ArchiTECHt Daily: Can IBM's Watson keep up with the community?

On Thursday, IBM announced that it is adding Google's TensorFlow deep learning framework to its Power
ARCHITECHT
ArchiTECHt Daily: Can IBM's Watson keep up with the community?
By ARCHITECHT • Issue #5
On Thursday, IBM announced that it is adding Google’s TensorFlow deep learning framework to its PowerAI toolkit, a collection of software resources for building artificial intelligence applications on the POWER architecture. I did not previously know that PowerAI was a thing, and I don’t sense too many people are building new applications using POWER8 processors (much less on IBM servers). And even still, I believe PowerAI seems much more likely to drive meaningful AI revenues at IBM than does the overhyped Watson platform.
Don’t get me wrong: Watson was a great ambassador for AI well before deep learning came along, but it’s the “well before” that’s the problem. A lot of work went into tuning the original Jeopardy!-playing system to do its thing, and IBM’s Watson lineup of services is still fairly focused on analyzing text, speech and the like. IBM has no doubt re-architected Watson to tackle more general-purpose tasks, but it doesn’t strike me a general-purpose solution. And the buzz around around things like sentiment analysis must be winding down.
Plus, today, there is plenty of competition for API services around text, speech and computer vision, with the most obvious examples coming from mega cloud providers such as Amazon Web Services and Google. Not only are those the places where many companies want to deploy new workloads, but Amazon and Google also own the consumer platforms (Alexa and Home) with which many developers will want to integrate their own AI services. Amazon, Google and even Microsoft also just seem more like experts in that field than does IBM, given that their voice assistants and NLP algorithms are already inside our homes and pockets.
However, where those providers don’t want to go is inside of large enterprises to help them build out AI systems that will be useful for the specific needs and specific data of each company. That’s harder, more resource-intensive from a vendor perspective, but it’s also a prime opportunity if you can figure out the right business model. Even in a world of open source software (and AI is not immune to that) large companies will still pay for software licenses and enterprise editions if there’s value to be had.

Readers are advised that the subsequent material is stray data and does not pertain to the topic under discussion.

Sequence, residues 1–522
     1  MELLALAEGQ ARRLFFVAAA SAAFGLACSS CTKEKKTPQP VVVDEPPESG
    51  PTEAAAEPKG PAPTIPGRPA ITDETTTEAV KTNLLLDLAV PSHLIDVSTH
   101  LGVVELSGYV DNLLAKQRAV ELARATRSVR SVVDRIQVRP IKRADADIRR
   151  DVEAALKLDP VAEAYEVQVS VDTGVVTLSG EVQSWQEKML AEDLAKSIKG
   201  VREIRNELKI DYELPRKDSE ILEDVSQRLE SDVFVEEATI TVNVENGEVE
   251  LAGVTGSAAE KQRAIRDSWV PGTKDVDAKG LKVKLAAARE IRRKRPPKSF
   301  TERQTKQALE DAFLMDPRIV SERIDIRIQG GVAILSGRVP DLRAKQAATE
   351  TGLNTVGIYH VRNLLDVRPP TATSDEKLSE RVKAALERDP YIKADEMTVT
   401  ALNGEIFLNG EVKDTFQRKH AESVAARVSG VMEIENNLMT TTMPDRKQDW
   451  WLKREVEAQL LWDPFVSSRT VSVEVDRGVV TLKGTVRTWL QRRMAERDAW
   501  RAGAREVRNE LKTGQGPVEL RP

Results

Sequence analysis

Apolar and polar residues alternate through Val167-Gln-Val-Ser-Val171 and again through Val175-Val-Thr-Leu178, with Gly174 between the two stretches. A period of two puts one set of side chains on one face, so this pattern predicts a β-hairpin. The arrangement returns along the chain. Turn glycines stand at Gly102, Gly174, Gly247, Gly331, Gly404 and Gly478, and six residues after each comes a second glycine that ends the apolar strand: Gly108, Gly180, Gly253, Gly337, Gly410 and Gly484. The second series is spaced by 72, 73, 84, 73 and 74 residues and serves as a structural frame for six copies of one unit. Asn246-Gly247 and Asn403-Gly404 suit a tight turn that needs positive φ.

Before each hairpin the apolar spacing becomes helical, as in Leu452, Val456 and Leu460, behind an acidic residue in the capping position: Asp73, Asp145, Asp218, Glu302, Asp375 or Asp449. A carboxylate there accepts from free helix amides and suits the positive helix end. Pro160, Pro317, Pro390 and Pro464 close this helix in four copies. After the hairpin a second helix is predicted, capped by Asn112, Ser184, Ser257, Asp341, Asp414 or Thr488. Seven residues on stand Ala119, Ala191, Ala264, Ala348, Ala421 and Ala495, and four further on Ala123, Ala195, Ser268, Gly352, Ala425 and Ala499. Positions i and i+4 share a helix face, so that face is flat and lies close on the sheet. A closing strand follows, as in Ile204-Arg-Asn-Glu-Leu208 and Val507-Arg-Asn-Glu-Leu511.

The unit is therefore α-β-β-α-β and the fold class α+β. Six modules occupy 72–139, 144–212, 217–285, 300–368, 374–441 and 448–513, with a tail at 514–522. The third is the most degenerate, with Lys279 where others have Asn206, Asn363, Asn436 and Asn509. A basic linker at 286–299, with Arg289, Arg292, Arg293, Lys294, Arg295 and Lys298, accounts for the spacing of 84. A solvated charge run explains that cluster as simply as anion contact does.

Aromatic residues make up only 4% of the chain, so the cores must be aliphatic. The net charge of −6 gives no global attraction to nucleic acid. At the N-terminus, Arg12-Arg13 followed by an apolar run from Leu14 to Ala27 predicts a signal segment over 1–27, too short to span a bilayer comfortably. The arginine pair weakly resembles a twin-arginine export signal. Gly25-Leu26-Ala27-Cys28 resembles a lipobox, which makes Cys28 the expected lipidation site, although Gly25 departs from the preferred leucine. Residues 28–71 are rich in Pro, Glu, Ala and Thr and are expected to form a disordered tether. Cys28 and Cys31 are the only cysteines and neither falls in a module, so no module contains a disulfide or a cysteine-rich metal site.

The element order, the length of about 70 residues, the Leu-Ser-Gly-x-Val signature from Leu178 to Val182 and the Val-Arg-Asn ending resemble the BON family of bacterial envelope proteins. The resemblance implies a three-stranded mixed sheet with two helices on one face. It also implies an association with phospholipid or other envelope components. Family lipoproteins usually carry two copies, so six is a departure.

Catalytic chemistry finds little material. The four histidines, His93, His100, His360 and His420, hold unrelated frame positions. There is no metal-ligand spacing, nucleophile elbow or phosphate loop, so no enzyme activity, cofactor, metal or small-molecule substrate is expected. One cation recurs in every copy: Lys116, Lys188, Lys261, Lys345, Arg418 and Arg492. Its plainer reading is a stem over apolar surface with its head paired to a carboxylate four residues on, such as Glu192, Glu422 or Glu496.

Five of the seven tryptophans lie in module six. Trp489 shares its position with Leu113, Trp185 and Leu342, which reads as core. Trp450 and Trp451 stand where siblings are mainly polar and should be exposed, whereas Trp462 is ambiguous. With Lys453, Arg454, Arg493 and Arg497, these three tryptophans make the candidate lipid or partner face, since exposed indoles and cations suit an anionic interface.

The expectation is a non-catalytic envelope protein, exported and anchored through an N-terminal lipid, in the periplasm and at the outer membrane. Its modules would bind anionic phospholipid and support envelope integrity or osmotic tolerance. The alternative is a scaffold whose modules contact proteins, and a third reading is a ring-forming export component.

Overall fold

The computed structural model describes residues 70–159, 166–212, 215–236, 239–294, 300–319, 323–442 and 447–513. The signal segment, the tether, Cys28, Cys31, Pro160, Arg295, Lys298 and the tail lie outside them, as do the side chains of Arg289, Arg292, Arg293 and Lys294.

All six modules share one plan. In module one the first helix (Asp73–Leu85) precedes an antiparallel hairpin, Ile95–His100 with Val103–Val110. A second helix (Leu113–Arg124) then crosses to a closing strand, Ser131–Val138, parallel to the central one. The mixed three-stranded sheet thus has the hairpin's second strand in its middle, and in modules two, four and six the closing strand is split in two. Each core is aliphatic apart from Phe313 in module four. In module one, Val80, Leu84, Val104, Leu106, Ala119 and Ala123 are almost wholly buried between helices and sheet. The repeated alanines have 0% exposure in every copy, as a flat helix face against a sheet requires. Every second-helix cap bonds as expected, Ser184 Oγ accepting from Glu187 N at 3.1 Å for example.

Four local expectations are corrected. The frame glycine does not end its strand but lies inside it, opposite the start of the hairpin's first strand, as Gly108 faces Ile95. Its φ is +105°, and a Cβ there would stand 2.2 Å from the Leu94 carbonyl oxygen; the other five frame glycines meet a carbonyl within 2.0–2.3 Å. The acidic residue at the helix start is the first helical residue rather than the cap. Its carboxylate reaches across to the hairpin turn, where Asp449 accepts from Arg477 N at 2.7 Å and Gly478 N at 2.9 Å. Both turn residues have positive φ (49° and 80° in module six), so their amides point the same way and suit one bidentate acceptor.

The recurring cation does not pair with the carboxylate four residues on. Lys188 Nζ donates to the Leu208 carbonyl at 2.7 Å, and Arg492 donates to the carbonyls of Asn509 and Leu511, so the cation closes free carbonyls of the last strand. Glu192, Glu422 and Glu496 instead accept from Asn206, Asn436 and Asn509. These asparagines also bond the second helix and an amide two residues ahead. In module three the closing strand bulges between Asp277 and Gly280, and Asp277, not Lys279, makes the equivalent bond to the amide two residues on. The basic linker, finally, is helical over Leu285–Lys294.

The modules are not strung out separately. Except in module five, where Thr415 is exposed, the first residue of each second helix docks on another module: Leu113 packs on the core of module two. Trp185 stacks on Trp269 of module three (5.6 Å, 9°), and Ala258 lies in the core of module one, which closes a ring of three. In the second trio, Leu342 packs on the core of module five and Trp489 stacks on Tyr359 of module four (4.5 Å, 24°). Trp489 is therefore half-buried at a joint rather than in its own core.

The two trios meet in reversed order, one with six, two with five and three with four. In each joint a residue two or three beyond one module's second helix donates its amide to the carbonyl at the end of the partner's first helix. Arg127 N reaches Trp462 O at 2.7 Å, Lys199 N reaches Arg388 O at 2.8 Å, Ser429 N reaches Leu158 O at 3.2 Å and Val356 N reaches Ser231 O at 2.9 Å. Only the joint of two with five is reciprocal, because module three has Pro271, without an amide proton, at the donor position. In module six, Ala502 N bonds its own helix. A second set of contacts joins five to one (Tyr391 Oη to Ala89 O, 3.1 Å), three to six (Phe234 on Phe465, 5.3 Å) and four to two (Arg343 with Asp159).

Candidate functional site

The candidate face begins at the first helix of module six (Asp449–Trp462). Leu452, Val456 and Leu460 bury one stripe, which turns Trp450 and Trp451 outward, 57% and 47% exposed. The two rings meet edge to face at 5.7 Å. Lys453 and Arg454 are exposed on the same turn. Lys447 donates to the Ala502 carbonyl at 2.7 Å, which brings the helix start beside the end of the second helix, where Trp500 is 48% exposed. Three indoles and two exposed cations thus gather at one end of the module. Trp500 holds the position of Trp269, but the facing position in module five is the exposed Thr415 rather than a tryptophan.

This quote by Skymind CTO Adam Gibson from an O'Reilly Media podcast summarizes it pretty accurately:
“Everything in the enterprise space is ROI driven. They don’t know that the newest deep learning paper just came out from Google. They’re not going to clone some random GitHub repository and try it out, and just try to put it in production. They don’t do that. They want to understand ROI. They work a job, they have a goal, and they have a budget. They need to figure out what to do with that budget as it relates to their job at their company.”
Forget about speech and text and all of that. If you can go into an enterprise and use deep learning to squeeze a few extra dollars out of their data, there’s probably a business to be had. Skymind is trying it, H20 (which on Wednesday announced a new deep learning product for enterprises) is trying it. IBM should try it, too.
For more good advice on doing enterprise AI, check out this blog post (also from O'Reilly): AI building blocks: The eggs, the chicken, and the bacon.

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